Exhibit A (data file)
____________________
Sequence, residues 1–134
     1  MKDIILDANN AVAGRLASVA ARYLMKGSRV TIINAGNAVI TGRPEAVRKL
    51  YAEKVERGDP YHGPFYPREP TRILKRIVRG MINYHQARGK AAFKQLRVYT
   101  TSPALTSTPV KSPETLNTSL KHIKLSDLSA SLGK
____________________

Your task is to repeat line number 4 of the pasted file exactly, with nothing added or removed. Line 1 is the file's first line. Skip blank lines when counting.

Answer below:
   101  TSPALTSTPV KSPETLNTSL KHIKLSDLSA SLGK